FinDev Blog

What Do Microfinance Clients Need to Adapt to Climate Change?

Insights from Rwandan smallholder farmers on building climate resilience through microfinance
Irish Potato smallholders in Musanze, Rwanda.

Microfinance clients, especially smallholder farmers, are often at the front lines of climate change, their lives and livelihoods vulnerable to the impacts of rising temperatures, unpredictable rainfall and extreme weather events. Smallholder farmers are already experiencing firsthand the effects of climate change worldwide through decreased crop yield and production, higher pest and disease incidence, income generation constraints and, in some cases, food insecurity. In this context, we argue that microfinance institutions are well-placed to promote climate change adaptation products and services. However, there has been little research on whether they are doing so successfully.

To address this empirical evidence gap, our team of researchers at Glasgow Caledonian University and the University of Rwanda, funded by Opportunity International, has been developing a research program on how microfinance affects Rwandan smallholder farmers’ ability to adapt to climate variability. The study featured in this blog post was conducted between 2019 and 2021 with 400 participants in six Rwandan districts: three rural (Gisagara, Musanze and Ngoma) and three in the capital of Kigali. We did 30 in-depth interviews, 370 surveys (270 with smallholder farmers and 100 with agricultural produce traders) and transect walks with local community members.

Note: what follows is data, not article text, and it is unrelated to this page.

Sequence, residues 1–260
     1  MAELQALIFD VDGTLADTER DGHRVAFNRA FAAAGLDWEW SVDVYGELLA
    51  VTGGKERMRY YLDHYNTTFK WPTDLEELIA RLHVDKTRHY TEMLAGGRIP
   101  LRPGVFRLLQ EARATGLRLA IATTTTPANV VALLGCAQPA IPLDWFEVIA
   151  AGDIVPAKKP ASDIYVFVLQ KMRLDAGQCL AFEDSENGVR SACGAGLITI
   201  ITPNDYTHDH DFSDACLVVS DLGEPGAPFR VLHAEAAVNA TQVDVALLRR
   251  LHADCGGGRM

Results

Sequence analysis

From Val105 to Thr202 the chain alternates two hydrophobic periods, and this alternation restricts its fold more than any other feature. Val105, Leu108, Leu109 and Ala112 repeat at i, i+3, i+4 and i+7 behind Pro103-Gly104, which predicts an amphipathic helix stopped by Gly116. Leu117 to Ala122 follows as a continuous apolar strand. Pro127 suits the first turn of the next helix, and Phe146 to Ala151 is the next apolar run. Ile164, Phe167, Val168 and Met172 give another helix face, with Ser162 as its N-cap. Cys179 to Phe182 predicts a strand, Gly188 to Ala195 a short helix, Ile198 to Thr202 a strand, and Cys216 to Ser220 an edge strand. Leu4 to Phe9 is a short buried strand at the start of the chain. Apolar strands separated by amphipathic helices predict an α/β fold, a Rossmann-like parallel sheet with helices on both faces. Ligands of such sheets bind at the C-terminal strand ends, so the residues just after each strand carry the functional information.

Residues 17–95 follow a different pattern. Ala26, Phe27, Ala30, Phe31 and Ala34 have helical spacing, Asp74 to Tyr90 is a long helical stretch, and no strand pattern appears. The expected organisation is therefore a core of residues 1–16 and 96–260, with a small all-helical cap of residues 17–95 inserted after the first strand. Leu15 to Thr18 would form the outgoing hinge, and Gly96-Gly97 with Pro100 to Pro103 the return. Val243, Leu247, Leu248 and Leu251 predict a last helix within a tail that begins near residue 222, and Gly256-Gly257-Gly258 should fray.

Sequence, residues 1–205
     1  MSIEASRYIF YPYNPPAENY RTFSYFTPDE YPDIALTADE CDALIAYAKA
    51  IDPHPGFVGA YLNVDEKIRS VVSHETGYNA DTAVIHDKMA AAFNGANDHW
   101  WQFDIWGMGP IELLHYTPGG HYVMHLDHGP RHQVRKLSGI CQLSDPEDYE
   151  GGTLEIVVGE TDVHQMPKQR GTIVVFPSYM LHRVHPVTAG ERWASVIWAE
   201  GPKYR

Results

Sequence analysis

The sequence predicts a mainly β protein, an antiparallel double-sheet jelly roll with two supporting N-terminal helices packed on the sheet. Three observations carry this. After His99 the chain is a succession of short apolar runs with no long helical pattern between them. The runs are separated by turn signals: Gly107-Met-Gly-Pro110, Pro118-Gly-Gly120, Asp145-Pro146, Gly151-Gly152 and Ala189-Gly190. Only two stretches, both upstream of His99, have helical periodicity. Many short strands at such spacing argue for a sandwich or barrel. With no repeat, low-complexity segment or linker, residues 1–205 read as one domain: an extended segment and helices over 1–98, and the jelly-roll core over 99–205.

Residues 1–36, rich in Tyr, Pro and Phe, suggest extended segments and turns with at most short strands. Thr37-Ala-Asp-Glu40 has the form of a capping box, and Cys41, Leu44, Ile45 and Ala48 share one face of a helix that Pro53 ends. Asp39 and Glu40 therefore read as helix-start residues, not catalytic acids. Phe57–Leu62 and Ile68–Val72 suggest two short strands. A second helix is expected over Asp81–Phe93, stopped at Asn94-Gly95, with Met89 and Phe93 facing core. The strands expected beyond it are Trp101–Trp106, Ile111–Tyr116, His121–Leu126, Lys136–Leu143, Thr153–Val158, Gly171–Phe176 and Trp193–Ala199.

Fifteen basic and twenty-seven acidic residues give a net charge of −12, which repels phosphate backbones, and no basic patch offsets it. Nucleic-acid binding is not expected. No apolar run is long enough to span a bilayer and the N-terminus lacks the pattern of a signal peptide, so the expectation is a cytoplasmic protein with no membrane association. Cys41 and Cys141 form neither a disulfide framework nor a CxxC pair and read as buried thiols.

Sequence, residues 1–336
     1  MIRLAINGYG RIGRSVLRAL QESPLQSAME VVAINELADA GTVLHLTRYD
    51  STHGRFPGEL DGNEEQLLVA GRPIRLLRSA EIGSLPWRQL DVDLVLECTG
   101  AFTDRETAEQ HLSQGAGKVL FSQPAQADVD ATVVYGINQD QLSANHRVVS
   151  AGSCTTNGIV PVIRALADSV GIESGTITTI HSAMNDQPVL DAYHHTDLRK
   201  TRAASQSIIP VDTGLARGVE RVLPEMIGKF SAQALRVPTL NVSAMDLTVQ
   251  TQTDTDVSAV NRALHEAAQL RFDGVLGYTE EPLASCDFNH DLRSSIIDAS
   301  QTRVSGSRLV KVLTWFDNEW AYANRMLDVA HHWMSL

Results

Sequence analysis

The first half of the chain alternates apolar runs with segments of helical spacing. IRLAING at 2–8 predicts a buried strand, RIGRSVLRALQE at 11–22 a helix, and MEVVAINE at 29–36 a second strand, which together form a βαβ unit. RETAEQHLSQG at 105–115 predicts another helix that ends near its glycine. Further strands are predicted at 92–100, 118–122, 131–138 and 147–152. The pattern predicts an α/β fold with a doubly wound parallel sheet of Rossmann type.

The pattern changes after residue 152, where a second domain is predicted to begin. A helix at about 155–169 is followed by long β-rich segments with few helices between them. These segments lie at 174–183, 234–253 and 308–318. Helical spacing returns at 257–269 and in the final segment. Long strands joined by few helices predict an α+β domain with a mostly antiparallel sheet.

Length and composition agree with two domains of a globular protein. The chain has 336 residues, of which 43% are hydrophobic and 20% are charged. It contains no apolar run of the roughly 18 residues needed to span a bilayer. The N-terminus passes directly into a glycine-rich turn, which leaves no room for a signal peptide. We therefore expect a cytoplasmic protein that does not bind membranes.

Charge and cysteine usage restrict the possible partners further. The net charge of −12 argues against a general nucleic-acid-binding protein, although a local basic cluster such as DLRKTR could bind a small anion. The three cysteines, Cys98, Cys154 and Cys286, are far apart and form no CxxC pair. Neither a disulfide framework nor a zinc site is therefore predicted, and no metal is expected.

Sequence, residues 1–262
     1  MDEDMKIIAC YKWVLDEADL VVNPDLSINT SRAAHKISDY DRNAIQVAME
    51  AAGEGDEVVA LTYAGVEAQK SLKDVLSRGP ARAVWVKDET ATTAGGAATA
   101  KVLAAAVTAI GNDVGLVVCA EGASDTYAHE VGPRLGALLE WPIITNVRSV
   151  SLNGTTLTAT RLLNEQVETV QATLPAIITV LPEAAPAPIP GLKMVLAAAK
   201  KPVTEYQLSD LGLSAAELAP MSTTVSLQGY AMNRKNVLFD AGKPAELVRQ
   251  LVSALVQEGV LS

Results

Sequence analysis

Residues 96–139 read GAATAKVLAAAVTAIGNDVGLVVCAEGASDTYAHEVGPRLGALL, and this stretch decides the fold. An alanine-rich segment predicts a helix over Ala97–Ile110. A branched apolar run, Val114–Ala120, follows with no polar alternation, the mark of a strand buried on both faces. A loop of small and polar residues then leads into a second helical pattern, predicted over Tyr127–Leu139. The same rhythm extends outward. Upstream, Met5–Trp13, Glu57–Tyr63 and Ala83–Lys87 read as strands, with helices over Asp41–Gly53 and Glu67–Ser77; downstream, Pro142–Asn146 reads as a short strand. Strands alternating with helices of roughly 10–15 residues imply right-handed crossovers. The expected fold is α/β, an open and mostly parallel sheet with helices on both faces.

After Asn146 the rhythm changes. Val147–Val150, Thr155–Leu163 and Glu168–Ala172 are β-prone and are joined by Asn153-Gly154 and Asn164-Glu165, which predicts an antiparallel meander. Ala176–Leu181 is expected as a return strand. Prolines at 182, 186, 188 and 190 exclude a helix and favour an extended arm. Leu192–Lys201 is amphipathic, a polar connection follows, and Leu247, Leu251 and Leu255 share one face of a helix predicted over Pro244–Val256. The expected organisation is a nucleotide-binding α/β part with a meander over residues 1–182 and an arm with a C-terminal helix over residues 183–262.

This research has given us insights about how microfinance clients are currently managing the effects of climate change and what MFIs can do to support them and enhance equitable access to inclusive finance for climate adaptation. 

Smallholder farmers found microloans and training helpful

As we talked to farmers, we learned that most have found microloans to be very useful in mitigating the impacts of climate change. The loans help them to make advance purchases of agricultural inputs, such as climate resilient high-quality seeds and fertilizer and pesticides, which they need to meet crucial crop cycle planting windows and face the increased threat of pests. Some farmers were also able to use the microloans to purchase water pumps and simple irrigation equipment to lessen the impact of floods and droughts on their plots.

Besides microloans, the other main intervention that smallholder farmers ranked highly was the training provided by MFIs. 98 percent of the 270 farmers surveyed reported that training was an essential component for building their capacity to adapt to climate change. Nearly all the farmers interviewed had been automatically enrolled in training programs organized by MFIs on the topics of financial management and agricultural productivity.

However, over one third of these farmers felt they still did not have the knowledge and skills needed to deal with erratic climate or climate change and asked for more advanced training opportunities. Specifically, they wished to gain more knowledge about ways to increase productivity through environmentally sustainable agricultural strategies that they can apply in their local contexts.

But some groups are excluded

Unfortunately, not everyone we spoke to had access to the microloans and training provided by MFIs. We found that farmers outside cooperatives and savings or trust groups (membership of which is a requirement for obtaining a loan) were at risk of missing these adaptation benefits. Excluded groups included vulnerable individuals such as:

  • Young people, who were often unable to find capital to join such groups or provide collateral for individual agricultural loans.
  • Some women, who were unable to take loans independently of their husbands.
  • Farmers with less productive small hillside plots.